How do you get to love old movies, or even to know that they exist, to know that when you have an itch for a dark tale of criminal passion, you could profitably spend your time watching Double Indemnity or Detour or Chinatown instead of the latest thing bobbing along on the turbid surface of Amazon Prime or Apple Plus or HBO (oh, excuse me — Max)?
It’s simple — you learn to know them and love them by having them around you, by having them as choices that are just as present, just as available as the other options crowding the cultural shelves. And lest you think I have my nose too high in the air and am concerned only with the absence of certified “great” older movies from the streaming landscape, those aren’t the only MIA’s I’m cheesed about; just try finding The Invisible Ray or Captive Wild Woman or Green Slime on your favorite premium streamer. Just try. (Prime does have movies like that, but the video quality is often so bad as to make them unwatchable.)
When I think back to my younger days and the wealth of old films that were available to me every day of the week on primitive old pre-cable, pre-streaming “free” television, I’m glad to have grown up when I did; my local Los Angeles channels provided a virtual film history course, even with all the edits and commercials. There wasn’t any internet to eat up the hours, and the movies of Netflix’s missing decades were there all the time, especially late at night and on the weekends. Watching them made me a lifetime movie lover.
Today, though, acquiring a deep familiarity with classic movies (or with anything that’s not new) has become harder rather than easier; it’s certainly not something that you can pick up casually by just watching TV, as I did in the 60’s and 70’s, and the aforementioned Criterion and Turner channels are for people who are already movie fanatics. It’s a cinch that today’s streamers are not going to help change things, except for the worse; indeed, in many ways the current media environment with its burgeoning plethora of choices gives people less real choice than they had fifty years ago. It’s like being locked in a candy store that’s tripled its floor space but now sells nothing but red licorice.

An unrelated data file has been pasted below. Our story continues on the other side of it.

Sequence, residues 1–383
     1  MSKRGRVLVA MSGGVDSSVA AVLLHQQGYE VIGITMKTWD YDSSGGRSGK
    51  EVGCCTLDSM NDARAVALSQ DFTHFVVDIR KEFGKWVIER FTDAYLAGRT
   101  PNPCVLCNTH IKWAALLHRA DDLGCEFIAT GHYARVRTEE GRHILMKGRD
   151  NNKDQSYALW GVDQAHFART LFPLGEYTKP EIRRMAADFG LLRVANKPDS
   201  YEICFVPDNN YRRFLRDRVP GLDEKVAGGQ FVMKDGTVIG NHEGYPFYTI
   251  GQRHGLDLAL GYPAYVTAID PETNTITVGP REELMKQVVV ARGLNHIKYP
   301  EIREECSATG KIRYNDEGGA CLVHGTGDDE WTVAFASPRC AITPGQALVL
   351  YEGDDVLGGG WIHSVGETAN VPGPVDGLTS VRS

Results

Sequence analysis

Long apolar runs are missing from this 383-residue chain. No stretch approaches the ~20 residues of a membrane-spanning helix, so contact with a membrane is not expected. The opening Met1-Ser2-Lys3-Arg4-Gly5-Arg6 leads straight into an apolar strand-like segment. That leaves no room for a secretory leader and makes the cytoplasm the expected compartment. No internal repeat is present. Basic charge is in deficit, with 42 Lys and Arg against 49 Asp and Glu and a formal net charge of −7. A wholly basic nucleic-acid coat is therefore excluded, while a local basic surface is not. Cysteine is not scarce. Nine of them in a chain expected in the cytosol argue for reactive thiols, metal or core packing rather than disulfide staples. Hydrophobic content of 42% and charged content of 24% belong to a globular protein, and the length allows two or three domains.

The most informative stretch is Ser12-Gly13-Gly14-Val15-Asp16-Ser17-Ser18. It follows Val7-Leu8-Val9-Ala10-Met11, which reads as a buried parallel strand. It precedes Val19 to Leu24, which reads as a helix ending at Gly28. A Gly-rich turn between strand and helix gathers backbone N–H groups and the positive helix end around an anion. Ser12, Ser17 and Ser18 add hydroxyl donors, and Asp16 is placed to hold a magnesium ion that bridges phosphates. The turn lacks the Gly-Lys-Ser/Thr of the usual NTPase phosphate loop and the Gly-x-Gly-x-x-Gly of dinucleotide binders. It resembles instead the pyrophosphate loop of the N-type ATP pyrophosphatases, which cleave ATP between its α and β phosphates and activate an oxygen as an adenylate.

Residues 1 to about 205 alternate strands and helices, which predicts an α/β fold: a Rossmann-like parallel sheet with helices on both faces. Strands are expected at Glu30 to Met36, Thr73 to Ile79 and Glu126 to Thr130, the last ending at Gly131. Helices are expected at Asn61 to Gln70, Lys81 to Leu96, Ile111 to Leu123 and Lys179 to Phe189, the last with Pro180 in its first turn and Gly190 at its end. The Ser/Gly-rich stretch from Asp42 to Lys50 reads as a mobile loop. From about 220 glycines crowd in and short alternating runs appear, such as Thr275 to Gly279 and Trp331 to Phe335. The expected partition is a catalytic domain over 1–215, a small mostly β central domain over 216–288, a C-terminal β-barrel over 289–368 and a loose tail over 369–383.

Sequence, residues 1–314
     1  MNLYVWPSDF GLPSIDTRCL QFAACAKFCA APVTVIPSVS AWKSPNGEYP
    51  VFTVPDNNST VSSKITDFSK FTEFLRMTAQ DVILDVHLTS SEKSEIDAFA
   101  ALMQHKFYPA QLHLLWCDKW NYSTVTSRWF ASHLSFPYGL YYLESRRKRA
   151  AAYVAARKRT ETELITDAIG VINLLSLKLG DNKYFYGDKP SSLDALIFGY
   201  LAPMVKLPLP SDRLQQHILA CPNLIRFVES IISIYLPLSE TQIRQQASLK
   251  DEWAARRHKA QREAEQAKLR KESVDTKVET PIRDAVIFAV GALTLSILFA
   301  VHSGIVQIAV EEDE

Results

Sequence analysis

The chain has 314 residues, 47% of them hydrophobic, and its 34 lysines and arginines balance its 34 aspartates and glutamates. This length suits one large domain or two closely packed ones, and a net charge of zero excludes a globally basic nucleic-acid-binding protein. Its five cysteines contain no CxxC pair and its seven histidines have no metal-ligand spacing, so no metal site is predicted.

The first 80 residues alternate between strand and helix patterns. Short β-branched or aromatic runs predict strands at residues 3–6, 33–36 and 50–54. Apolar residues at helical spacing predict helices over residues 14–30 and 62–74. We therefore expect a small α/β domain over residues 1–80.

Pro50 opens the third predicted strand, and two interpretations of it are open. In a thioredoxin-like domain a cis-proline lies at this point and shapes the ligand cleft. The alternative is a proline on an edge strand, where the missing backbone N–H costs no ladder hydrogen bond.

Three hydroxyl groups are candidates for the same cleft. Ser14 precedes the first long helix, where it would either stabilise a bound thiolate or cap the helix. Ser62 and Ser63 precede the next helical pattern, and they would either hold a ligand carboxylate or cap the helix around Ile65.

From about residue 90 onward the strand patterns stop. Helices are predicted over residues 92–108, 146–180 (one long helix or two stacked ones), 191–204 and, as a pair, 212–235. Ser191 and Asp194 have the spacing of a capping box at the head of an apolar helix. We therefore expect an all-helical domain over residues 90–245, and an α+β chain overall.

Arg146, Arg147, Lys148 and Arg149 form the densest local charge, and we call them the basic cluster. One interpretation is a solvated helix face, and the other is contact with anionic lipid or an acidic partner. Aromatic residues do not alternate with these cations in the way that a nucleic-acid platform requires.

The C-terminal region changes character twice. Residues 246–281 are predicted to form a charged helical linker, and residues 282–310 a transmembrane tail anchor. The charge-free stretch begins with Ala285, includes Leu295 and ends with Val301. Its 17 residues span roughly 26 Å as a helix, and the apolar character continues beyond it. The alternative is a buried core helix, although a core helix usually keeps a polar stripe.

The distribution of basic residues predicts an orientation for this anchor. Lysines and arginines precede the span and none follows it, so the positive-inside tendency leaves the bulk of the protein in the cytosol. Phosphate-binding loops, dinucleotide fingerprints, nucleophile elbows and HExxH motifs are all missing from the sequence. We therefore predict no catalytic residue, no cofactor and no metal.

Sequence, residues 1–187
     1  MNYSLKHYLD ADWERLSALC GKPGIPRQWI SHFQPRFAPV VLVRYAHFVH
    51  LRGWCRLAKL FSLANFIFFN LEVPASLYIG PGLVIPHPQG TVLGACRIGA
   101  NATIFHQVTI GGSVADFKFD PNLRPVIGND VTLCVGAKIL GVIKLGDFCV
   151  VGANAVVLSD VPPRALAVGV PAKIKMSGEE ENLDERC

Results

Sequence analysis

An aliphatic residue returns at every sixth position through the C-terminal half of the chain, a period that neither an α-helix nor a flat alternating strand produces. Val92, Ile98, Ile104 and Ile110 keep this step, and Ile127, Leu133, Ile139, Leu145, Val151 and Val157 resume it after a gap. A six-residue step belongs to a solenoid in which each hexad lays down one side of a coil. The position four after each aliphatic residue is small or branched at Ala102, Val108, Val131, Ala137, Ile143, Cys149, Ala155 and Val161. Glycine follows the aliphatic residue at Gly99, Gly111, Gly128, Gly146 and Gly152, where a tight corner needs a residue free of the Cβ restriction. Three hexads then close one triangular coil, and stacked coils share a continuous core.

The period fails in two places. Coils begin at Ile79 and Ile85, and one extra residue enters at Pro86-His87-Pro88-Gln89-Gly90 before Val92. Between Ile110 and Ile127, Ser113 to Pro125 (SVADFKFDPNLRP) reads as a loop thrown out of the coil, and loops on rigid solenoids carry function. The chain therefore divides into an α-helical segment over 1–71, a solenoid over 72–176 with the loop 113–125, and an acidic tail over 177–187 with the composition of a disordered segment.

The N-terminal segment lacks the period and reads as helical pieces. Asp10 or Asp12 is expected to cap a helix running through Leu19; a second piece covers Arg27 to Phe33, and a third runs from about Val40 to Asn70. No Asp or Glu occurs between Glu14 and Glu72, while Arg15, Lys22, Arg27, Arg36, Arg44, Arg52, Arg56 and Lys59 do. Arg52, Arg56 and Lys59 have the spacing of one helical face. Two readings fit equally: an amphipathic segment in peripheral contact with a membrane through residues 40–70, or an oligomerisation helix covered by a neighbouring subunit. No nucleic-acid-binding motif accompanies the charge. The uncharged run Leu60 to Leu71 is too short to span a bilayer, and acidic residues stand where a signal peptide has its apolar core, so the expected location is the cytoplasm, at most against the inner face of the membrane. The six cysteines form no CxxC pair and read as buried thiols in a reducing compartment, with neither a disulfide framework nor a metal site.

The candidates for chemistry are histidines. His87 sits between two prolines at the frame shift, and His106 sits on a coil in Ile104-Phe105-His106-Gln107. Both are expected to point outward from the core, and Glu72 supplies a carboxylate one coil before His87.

Of course, not everyone will agree that the anemic Netflix ratio of the classic to the current is a problem, and if you do really think that The Fast and the Furious is the greatest thing that’s ever appeared on the screen, more power to you… oh, wait a minute. You’ve got all the power already.
For myself, I suppose I’ll have to keep renewing my Criterion subscription and continue to acquire the films I like in those clunky, old-fashioned physical forms (DVD, Blu-ray) that the brave, new streaming era have made obsolete… obsolete, that is, unless those are the movies you want to watch.
Cut! Print it.
Thomas Parker is a native Southern Californian and a lifelong science fiction, fantasy, and mystery fan. When not corrupting the next generation as a fourth grade teacher, he collects Roger Corman movies, Silver Age comic books, Ace doubles, and despairing looks from his wife. His last article for us was Living Large: Bert I. Gordon 1922-2023